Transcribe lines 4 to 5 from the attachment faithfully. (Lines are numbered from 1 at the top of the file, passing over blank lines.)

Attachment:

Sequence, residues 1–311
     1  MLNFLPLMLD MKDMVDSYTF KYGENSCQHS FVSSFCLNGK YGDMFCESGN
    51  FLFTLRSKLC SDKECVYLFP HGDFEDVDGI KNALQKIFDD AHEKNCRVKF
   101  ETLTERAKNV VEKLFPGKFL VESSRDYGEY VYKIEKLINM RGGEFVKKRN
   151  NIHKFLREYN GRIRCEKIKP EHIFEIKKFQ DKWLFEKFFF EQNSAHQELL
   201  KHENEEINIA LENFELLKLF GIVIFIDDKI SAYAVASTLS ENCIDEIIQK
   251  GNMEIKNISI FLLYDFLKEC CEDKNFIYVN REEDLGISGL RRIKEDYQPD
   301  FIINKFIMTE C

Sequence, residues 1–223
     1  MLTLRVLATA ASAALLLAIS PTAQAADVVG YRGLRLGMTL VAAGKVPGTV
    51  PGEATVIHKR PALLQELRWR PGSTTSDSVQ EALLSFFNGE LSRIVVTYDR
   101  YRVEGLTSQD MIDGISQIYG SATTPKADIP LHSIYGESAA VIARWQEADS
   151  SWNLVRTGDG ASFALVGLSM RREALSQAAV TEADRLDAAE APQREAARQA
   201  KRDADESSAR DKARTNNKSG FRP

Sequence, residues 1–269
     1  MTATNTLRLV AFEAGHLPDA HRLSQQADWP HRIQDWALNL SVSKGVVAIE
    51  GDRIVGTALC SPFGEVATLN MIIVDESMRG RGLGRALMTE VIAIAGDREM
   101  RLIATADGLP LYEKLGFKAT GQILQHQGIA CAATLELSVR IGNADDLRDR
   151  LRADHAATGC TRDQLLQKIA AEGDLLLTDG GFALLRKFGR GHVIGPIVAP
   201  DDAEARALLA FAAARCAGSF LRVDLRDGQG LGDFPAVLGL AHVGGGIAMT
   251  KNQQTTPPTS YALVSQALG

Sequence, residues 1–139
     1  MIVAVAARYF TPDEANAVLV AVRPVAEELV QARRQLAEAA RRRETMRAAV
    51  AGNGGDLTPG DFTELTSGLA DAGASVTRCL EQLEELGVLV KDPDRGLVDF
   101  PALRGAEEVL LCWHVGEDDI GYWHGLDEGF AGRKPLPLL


   101  ETLTERAKNV VEKLFPGKFL VESSRDYGEY VYKIEKLINM RGGEFVKKRN
   151  NIHKFLREYN GRIRCEKIKP EHIFEIKKFQ DKWLFEKFFF EQNSAHQELL